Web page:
I am in absolute awe of this year. I do not mean for that to read in a lighthearted tone; in fact, to the contrary. Whatever is responsible for turning our world is sounding off far and wide, calling for us to engage in a full-stop. Pandemic, social injustice, acrimonious politics, economic collapse. So much physical and mental trauma...and we aren't even halfway through the year yet. It can, at times, become overwhelming to observe how differently everyone is receiving (or rejecting) these messages from the universe, myself included. The ripple effects of these collective events are staggering; it is infecting every crevice of our lives and our existence. I worry about the well-being of others. There is so much fear, so much anger, so much division, so much pain. Some of it I can relate to; others I will never know, simply because of who I am.
Recently, I have been reflecting, a lot, about how differently I approached and handled the last global catastrophe 12 years ago. It wasn't so great. I know what it's like to lose and how humbling it is to rebuild. I am grateful, however, for those years since, where I committed to putting in the hard work. I don't mean hard work that guarantees immunity from any future struggles; that is fantasy. I mean engaging in the hard work that allows one to grow accustomed to said hard work and hard times. The personal work that is devoted to honing the ability to confront fear, change, and unprecedented challenges (ref: "Big Things"). It calls for getting to know your true center and trusting your core. Some might call it, "self-care". I like to call it, "self-centered" (an intentional double-entendre). It seems contradictory to focus on your best when others around you are suffering, but the best work that can be done for others IS when you are at your best.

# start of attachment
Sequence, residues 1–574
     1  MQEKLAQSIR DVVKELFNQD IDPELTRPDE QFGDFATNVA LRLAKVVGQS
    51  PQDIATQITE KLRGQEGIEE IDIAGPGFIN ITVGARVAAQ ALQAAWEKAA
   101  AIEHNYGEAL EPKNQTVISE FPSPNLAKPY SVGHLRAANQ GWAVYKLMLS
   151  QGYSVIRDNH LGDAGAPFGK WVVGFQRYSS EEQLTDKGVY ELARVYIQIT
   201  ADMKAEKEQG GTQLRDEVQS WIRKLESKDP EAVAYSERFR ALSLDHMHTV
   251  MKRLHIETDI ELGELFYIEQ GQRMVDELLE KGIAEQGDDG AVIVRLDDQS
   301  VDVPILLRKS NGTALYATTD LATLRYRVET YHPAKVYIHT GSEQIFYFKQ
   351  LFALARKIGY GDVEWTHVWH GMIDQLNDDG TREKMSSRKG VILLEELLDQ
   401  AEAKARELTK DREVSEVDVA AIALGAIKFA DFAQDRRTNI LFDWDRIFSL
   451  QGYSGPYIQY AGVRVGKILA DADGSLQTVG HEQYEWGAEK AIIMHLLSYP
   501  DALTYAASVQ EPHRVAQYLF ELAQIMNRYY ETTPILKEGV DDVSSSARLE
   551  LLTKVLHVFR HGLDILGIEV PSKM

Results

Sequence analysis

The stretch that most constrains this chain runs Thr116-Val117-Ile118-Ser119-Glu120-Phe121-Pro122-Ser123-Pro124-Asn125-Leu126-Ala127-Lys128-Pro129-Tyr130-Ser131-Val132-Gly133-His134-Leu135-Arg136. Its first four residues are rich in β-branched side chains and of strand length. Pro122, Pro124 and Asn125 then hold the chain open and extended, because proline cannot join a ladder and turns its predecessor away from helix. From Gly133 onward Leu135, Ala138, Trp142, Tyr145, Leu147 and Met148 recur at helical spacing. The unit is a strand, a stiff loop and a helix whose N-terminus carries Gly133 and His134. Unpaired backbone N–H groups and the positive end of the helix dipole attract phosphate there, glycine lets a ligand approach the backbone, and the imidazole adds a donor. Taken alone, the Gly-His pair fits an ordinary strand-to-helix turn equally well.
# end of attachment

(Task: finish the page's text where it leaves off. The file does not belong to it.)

"Put on your own mask, prior to assisting others".
A decade ago, I crumbled into a rubble of self-pity and self-harm, my only known coping mechanisms at the time. My heart aches for those who are equally vulnerable, at risk, or enduring this very thing in these suffocating times, through no fault of their own. I know it all too intimately. As a part of the internal work I embarked upon several years ago, I was tasked to identify habits that I considered in high value, or, intrinsic to my well-being. While this really is a lifelong practice, the objective at the time was to thoughtfully and honestly identify, at that moment, what I considered these traits to be and award them with my highest attention, without exception. They would serve as my new foundation as I rebuilt myself. Yours will be beautifully unique to you, but I wanted to share what has helped me navigate through such difficult times as the strongest version of myself.